Former murder accused Akili Charles. Photo by Roger Jacob
FORMER murder accused Akili Charles, the man whose litigation led to the court’s historic ruling that people charged with murder can apply for bail, will be awarded the compensation that a court ordered for the breach of his rights.
Charles was shot dead in July, months before the case was heard in the Privy Council.
In a ruling on Thursday, five Law Lords said Charles was prejudiced when his preliminary inquiry had to be restarted because of the short-lived judicial appointment of former chief magistrate Marcia Ayers-Caesar. In its ruling, the Privy Council overturned the decision of the Court of Appeal, which, in turn, had reversed an earlier ruling by Justice Kevin Ramcharan, who ordered that Charles should get $275,000 in compensation.
Charles and his neighbours Chicki Portillo, Kareem Gomez, Levi Joseph, Israel “Arnold” Lara and Anton Cambridge were charged with murdering Russell Antoine on May 13, 2010. The preliminary inquiry in the case went on for almost nine years and had reached an advanced stage when Ayers-Caesar took up a promotion in April 2017.
The inquiry was then put on hold while a lawsuit from the Office of the Attorney General pursued a statutory interpretation lawsuit over what procedure should be adopted in situations where judicial officers leave their office with part-heard cases still pending. In January 2019, High Court Judge Carol Gobin eventually ruled that such cases had to restart.Charles and his neighbours’ case was then restarted and completed within three months. All six men were freed of the charges by Chief Magistrate Maria Busby Earle-Caddle, who ruled that the State failed to present sufficient evidence to sustain the charge.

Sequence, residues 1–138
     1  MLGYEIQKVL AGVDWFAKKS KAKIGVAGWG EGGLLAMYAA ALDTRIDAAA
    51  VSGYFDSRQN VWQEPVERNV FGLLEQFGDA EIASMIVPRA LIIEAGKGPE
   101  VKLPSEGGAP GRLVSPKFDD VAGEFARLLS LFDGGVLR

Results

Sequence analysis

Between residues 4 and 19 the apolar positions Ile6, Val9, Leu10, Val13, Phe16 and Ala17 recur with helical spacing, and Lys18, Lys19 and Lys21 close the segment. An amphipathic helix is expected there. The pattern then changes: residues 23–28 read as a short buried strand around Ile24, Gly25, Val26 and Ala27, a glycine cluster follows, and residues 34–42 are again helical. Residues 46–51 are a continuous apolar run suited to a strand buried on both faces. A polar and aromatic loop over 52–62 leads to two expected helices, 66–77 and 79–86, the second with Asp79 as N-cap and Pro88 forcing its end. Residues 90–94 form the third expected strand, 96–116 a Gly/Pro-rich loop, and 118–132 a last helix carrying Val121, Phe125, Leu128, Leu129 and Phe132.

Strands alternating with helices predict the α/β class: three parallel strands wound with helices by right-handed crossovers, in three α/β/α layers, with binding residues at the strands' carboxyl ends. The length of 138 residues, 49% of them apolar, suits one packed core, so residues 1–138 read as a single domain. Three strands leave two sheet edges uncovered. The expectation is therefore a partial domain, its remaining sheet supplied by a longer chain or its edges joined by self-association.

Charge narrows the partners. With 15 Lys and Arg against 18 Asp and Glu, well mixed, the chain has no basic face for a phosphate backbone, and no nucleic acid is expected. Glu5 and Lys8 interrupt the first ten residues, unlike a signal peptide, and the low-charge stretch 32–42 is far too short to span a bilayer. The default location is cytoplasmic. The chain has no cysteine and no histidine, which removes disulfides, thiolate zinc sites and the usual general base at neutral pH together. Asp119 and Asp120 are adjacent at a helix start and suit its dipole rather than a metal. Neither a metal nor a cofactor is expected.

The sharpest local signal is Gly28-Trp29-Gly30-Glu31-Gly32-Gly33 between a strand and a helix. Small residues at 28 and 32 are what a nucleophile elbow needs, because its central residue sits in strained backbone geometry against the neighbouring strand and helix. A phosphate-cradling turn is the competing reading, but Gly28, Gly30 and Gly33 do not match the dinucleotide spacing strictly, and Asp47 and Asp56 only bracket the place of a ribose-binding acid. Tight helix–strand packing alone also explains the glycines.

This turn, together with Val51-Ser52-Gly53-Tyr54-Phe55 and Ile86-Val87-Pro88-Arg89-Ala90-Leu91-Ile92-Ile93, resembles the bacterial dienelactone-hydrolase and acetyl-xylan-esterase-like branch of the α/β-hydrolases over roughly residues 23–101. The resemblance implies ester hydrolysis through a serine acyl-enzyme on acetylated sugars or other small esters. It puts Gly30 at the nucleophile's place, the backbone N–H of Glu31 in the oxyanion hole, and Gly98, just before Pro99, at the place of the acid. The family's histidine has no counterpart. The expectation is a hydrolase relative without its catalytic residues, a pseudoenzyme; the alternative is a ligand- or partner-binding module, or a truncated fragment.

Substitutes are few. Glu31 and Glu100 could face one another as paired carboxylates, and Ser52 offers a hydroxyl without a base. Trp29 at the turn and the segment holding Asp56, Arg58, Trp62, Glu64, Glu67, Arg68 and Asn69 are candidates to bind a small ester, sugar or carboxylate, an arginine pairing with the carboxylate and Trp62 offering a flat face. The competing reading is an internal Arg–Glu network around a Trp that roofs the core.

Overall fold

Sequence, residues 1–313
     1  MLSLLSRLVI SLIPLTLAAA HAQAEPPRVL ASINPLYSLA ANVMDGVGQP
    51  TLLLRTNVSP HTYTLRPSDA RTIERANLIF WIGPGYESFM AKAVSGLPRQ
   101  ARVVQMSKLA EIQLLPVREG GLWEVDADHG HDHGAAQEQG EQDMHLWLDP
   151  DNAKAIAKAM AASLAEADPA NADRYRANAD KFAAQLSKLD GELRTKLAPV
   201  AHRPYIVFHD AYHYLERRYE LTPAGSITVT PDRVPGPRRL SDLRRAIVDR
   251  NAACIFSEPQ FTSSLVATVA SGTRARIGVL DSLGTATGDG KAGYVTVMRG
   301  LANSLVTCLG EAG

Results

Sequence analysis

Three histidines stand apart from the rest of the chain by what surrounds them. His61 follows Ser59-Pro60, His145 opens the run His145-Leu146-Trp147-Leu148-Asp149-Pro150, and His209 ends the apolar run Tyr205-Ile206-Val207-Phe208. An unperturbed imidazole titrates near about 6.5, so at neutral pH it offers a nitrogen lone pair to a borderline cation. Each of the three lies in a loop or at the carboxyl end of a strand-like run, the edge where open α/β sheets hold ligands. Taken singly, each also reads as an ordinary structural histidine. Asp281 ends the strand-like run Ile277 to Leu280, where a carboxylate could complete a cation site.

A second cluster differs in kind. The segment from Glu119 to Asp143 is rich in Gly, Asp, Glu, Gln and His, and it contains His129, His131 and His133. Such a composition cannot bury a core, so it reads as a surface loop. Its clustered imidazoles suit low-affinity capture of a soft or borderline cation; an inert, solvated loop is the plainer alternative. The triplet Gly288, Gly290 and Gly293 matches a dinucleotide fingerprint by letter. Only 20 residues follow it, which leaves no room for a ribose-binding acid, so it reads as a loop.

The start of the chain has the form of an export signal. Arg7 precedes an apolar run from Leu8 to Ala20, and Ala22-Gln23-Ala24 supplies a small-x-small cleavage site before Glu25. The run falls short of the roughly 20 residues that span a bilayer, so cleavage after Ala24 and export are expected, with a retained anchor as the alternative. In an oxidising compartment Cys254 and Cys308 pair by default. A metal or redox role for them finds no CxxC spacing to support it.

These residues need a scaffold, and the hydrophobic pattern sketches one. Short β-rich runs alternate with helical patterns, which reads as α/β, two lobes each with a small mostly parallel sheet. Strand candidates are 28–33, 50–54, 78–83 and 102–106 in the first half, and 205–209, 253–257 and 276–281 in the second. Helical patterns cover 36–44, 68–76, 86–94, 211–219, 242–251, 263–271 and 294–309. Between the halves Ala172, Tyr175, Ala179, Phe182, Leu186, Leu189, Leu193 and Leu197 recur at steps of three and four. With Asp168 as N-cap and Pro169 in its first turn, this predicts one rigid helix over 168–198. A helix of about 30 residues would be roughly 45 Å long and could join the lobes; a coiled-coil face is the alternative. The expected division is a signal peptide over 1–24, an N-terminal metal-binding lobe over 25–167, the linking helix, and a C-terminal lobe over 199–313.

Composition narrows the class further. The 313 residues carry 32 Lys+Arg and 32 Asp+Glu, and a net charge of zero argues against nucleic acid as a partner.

Charles then pursued a separate case in which he claimed his constitutional rights to equality before the law and protection of the law were infringed by the restart of the case and consequent delay. In March 2020, Ramcharan upheld Charles’ case and ordered $150,000 in compensation, which represented the legal fees Charles incurred for the second preliminary inquiry, and $125,000 in vindicatory damages for the additional time he was made to spend in harsh remand conditions before he and his co-accused were eventually freed.
Last year, the Court of Appeal ruled it was wrong to find that Charles’s constitutional rights were infringed. It also held Ramcharan should not have made findings in respect of the Judicial and Legal Service Commission (JLSC) on the handling of the Ayers-Caesar debacle, since it was not an issue raised by Charles in his case. Lords Briggs, Kitchin, Hamblen, Burrows and Richards presided over Charles’s challenge.
In the ruling, Hamblen, who wrote the unanimous decision, repeated the words of Gobin’s judgment, which, although ruling against Charles, described the Ayers-Caesar debacle as “a colossal misstep.”Hamblen said while it was true Charles did not raise the JLSC’s role in Ayers-Caesar’s short-lived judicial appointment, it was not necessary for him to do so in a constitutional claim against the State.“The claimant does not have to assert that a specific state body, or that individuals within such a body, are responsible for the breach of his or her constitutional rights. What matters is establishing that the State is so responsible.